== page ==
Washington, D.C. —
The director of U.S. Fish and Wildlife Service has committed to cut in more than half the time his agency has to write a Biological Opinion on how to protect federally endangered duskytail darters and get the issue out of the way of normal operation levels for Lake Cumberland.
Daniel M. Ashe met Tuesday in Senator Mitch McConnell’s leadership office in Washington, D.C. with Senators McConnell and Rand Paul, both of Kentucky, and Lamar Alexander, R-Tenn.; Congressman Hal Rogers, R-Somerset, and Ed Whitfield, R-Hopkinsville. They discussed presence of duskytail darters in the Big South Fork River that flows into Lake Cumberland and the minnow’s effects on the lake level.
The Corps announced January 29 that Lake Cumberland will be at the 705-feet level this summer, same as last summer, and 18 feet below pool stage. The reason is to protect the duskytail darter, a species on the Endangered Species List. Apparently the 2 1/2-inch-long minnows moved into a five-mile stretch of the Big South Fork River while the lake was low. Now, environmentalist say raising the lake level might drown the slow-swimming minnows that like flowing water and rocky riffles.
Robert Steurer, McConnell’s press secretary, said out of the meeting Tuesday came a commitment from Ashe for a 60-day turnaround in preparing a Biological Opinion in response to a Biological Assessment prepared by the U.S. Army Corps of Engineers. The Biological Assessment was presented Friday to the Kentucky Field Office of the U.S. Fish and Wildlife Service.
Lee Andrews, field supervisor for the Kentucky office, said earlier the Service has 135 days (see related story) to complete consultations and write the Biological Opinion. The outcome of that formal consultation process will determine the way forward, the Corps said.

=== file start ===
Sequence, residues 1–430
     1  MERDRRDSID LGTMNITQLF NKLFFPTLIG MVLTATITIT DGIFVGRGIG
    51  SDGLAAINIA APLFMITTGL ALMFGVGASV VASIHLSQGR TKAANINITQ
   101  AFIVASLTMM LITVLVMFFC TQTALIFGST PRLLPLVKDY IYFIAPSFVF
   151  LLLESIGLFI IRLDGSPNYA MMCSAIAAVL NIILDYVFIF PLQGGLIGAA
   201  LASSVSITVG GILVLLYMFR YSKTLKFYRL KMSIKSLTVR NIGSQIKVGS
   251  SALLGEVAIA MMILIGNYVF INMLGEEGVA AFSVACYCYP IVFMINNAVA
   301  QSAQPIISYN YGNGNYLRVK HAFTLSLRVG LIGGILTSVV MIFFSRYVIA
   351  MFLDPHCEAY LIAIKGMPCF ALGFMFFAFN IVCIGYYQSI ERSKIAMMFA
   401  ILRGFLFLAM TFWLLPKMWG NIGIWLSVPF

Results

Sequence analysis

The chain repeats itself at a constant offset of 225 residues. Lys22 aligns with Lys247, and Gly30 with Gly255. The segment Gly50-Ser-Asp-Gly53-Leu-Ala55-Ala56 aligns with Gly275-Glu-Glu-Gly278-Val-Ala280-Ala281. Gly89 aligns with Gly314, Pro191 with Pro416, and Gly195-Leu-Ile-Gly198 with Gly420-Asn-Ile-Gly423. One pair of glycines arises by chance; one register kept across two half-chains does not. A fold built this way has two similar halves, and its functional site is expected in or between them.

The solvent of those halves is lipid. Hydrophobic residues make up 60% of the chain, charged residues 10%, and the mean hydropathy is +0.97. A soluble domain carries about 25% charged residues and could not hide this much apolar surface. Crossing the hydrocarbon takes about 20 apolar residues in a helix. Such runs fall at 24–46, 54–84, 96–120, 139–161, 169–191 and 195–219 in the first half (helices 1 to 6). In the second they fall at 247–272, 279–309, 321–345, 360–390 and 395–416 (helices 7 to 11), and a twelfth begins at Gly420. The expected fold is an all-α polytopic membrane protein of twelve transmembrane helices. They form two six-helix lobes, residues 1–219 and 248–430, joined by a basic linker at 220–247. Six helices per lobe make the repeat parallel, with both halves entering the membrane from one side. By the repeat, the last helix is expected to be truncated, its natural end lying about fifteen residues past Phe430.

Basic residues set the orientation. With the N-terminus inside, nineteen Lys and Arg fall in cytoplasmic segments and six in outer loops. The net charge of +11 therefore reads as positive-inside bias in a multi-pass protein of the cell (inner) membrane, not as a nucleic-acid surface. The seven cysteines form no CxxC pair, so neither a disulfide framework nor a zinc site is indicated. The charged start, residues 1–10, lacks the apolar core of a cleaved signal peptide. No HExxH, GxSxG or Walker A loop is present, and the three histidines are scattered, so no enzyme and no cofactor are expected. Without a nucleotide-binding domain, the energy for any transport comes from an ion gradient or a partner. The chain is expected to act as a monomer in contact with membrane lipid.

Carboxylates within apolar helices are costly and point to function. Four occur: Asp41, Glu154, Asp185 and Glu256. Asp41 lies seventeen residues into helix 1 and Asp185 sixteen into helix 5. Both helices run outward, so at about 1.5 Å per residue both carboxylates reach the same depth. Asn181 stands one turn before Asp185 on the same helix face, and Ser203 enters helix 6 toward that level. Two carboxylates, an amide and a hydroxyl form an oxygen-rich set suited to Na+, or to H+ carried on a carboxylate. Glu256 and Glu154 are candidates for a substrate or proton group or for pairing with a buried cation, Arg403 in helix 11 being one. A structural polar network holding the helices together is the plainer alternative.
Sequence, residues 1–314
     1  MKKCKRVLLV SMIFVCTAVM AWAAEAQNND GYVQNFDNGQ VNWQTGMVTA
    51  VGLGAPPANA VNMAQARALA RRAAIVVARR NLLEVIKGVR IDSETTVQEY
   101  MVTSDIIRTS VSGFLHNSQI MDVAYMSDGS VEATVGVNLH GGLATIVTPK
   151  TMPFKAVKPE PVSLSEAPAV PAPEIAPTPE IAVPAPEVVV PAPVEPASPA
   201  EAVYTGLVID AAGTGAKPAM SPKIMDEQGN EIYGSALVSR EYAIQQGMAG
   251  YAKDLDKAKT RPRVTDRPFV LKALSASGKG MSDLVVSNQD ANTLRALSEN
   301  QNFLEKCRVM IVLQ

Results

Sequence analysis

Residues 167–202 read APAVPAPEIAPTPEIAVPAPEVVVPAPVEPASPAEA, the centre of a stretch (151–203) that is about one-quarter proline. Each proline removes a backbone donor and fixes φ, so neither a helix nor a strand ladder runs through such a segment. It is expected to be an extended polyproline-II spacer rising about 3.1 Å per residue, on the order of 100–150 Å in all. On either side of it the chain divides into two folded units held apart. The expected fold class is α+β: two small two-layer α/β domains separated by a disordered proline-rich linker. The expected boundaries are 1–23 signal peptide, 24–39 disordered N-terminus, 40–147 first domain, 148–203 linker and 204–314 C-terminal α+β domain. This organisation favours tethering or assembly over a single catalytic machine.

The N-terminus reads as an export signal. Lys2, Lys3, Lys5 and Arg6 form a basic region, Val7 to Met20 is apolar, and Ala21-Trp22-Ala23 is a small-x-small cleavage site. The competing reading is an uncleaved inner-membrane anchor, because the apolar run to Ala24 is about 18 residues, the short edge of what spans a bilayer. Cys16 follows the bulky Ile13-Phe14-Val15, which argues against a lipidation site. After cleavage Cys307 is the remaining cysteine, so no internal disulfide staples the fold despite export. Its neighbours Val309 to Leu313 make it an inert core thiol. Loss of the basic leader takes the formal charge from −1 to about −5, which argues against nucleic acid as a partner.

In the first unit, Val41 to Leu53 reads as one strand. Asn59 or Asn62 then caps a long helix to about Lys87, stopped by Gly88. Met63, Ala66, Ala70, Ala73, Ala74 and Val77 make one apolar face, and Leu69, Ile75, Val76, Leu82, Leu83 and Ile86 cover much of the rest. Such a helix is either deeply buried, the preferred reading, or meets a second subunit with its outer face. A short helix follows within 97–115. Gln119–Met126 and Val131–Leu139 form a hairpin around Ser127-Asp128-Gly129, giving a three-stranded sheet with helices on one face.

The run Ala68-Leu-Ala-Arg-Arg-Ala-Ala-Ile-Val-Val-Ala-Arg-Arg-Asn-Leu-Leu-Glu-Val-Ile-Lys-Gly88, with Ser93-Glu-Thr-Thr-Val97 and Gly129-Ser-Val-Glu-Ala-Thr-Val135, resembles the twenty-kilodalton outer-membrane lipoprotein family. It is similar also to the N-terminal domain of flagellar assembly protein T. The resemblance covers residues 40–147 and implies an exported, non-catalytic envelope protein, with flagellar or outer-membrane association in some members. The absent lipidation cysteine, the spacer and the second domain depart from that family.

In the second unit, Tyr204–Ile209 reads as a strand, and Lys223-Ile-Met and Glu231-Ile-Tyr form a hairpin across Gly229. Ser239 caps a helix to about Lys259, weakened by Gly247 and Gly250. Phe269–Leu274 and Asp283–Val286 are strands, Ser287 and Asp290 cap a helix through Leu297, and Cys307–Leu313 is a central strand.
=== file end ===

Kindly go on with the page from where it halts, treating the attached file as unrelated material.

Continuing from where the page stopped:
Steurer also quoted Ashe as saying he would talk to the regional office of U.S. Fish and Wildlife Service to see if the Biological Opinion could be implemented faster to accommodate the upcoming fishing tournament season this March and April.
The congressional delegation also discussed with Ashe about when the duskytail darter issue will be resolved and Lake Cumberland can return to normal levels. Apparently Ashe didn’t have an answer to this one, but promised the congressmen he would work with the regional agency and get back with them.
Don B. Getty, manager of the $594 million Wolf Creek Dam Rehabilitation Project, told the Commonwealth Journal last week that, if not delayed by high lake levels, placement of riprap on the face of the dam should be completed by the end of February and the lake can soon rise to 705 feet above sea level, the same as last summer.
Last summer’s level doesn’t make tourism interests in the Lake Cumberland Area very happy. Problems at Wolf Creek Dam have kept the lake about 40 feet below normal level since 2007. Dam repairs were essentially completed last March and the lake last summer was raised 25 feet during the vacation season.
Folks around here thought the lake would return to normal operation this summer. Normal operation is a pool stage of 723 feet during the vacation season.
Brigadier General Margaret W. Burcham, commander and Division engineer of the Corps’ Great Lakes and Ohio River Division, will make the final decision when Lake Cumberland will return to normal operation.